2020/03/31

Purpose vs. Medium

Foraging for stinging nettle (photo taken by Jocelyn Isaak Photography

I fell in love with food from a young age. I wanted to become a chef because I loved food. It’s often an underpaid job, and so your passion for gaining the skills to cook good food (or being a glutton for punishment) are at the core of why you do this job. 


For me, that’s how it started. 


Then it took a turn. Then I became a restaurant owner. 


I often thought that the integrity of a chef lies in the product that he or she creates. It comes down to what’s on the plate. I don’t believe that to be a lie. But I think it’s a half truth. 

A blurry picture of our first day open at 293 Wallace. Photo taken May 1st, 2013.

As chefs, we work extremely long hours, are detail oriented when it comes to our prep (mise en place), and take pride in making sure all of our portioning is exact. We want to work with ingredients in ways that people haven’t experienced before. Therefore, we seek knowledge of different ingredients and cooking techniques. 


We want our dishes to look good as well as taste good. “You eat with your eyes first.” You think of how to make the dish look aesthetically pleasing while not distracting it from it’s main flavours. We lean towards the natural color and texture of the ingredients we are using. We take time to think of what shape of plate, bowl, or other vehicle we would use to bring the food to the guest. We use tweezers, tongs, our hands and fingers, to place each impeccable piece of food onto the plate in a way that looks amazing. 


It’s meticulous. 


We take pride in being chefs who can do it all. Whatever challenge is thrown at us, we can do it. We are unstoppable. There’s something about taking the seemingly impossible and accomplishing it. It feels good.


It makes sense, right?

A dish of freshly picked raspberry, shortbread, meringue, and douglas fir shoots.

But at the core...isn’t this just about ego? If you look at the most popular restaurants of the mass population, are they artistic expressions of the brilliant mind of a genius chef? No. It’s not. 


“Well, our food is for the people who get it,” we say. Which makes us feel better. “Those who don’t get it, they can eat somewhere else.”


But at the core, if you look at those restaurants, most of the time, it’s driven by a leader who believes that what goes on the plate is the most important thing. And this leader will sacrifice whatever it takes to make sure it’s perfect. 


Ironically, there’s no such thing as perfect.


What the leader sacrifices most is time. Not just of him or herself, but the time of all the staff members that are hired to help this chef achieve the goal. 


I remember thinking about it at the 293 Wallace, and it just didn’t fit. Something just didn’t click. Here I was, with a group of staff in a small town who, for the most part, had no desire of continuing on in the culinary field. They were young and just wanted work experience. Sure it was rewarding to watch them learn how to cook for themselves, but there had to be something more. And that’s where it hit me. What means more to these people are life skills, not cooking skills.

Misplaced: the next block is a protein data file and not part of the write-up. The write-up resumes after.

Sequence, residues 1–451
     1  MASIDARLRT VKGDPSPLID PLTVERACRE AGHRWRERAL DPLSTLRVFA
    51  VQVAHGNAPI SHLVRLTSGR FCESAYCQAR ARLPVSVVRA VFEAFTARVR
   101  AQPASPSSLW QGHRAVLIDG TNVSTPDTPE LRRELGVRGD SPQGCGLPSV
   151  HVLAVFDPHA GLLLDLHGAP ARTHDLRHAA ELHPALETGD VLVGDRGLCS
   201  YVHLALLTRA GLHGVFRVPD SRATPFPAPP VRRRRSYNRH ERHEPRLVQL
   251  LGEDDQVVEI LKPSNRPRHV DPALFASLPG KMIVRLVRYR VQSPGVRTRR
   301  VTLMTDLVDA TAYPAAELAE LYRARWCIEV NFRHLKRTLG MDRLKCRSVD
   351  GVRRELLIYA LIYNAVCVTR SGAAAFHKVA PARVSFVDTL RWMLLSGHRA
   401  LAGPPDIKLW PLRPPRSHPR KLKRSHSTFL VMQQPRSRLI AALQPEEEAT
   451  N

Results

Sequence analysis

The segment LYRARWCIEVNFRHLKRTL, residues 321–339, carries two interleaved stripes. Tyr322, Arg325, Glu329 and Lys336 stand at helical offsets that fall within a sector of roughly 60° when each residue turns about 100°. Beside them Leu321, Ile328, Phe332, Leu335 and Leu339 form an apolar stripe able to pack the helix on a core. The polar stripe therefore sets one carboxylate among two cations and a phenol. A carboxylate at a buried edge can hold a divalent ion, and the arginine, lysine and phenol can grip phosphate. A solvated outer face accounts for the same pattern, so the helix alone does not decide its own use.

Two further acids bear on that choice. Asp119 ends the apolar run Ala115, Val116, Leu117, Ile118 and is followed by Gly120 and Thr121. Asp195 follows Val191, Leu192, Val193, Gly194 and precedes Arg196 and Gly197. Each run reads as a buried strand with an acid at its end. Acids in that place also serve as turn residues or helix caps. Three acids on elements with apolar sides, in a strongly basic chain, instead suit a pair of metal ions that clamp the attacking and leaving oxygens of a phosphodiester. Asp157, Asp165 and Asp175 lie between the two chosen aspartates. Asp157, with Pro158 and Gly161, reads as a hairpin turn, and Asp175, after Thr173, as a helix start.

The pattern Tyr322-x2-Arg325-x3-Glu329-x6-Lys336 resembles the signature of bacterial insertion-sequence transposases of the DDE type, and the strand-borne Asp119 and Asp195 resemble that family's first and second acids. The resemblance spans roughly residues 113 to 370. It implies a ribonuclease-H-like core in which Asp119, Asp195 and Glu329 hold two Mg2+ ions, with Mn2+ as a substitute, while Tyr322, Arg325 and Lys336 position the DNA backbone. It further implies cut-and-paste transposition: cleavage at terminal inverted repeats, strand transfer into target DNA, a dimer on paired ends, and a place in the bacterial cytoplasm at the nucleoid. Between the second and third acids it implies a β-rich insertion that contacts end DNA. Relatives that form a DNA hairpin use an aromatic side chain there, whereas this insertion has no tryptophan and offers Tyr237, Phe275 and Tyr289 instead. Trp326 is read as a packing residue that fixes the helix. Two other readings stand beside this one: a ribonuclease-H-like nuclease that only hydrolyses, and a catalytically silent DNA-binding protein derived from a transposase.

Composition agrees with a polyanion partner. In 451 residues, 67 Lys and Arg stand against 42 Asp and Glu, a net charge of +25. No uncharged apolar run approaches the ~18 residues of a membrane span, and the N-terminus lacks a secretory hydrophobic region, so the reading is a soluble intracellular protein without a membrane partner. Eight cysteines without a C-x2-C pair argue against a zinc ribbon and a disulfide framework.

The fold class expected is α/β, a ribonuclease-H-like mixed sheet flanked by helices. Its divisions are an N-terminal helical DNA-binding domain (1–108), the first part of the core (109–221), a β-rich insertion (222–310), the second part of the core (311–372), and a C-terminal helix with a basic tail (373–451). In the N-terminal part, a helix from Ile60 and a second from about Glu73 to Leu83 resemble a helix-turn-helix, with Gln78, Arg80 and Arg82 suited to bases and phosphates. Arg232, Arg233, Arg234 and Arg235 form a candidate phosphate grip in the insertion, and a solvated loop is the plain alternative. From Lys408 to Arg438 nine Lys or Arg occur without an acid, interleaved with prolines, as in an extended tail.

Our cooks in the middle of service..

The kitchen is a great place for teaching some amazing life skills. Learning how to use a knife efficiently, to sous vide, to properly cook a steak, those are all great things. But what’s greater is the ability to teach effective communication during periods of stress, to teach strong work ethic, to teach forgiveness and patience. 


Those are the things that will really stick, and that can be transferred to whatever life goal anyone would happen to have. 


So I tried to focus on those things. And I made a lot of mistakes along the way. 


Losing my temper during busy dinner services that were chaotic and didn’t meet the expectations of what I had for the team time and time again, and spending countless hours apologizing. 


People over product. That kept coming up in the back of my mind. Surely we were thinking about the guests that we were serving and factoring in all that entails a great dining experience. But would an average guest at my restaurant really be able to notice if a risotto is not seasoned exactly how I would like it? Surely my own palate doesn't display the accuracy of a deity. 


So then, is it worth yelling at a staff member for the cause?


I’m not sure what the future holds for me, and I’m not sure if I’ll ever be in a position where I am leading another kitchen team. But if I am to be in that position again, I will hold true to one thing. 


The product should be the medium, not the purpose. 


Don’t get me wrong, I love cooking, But what I love more about cooking is not the act of cooking, but the act of serving others. The act of cooking something lovingly for someone, and having them enjoy it. The act of being able to allow others to enter into my mind of what food could be. But with that comes an even bigger philosophy and purpose. It’s the purpose of using food as the means to enabling others to grow and learn to be better people. 


That’s what’s most important. 

A warm and sunny spring day in Hope, BC at our restaurant. Picture taken In October 2018, the month after we closed. 

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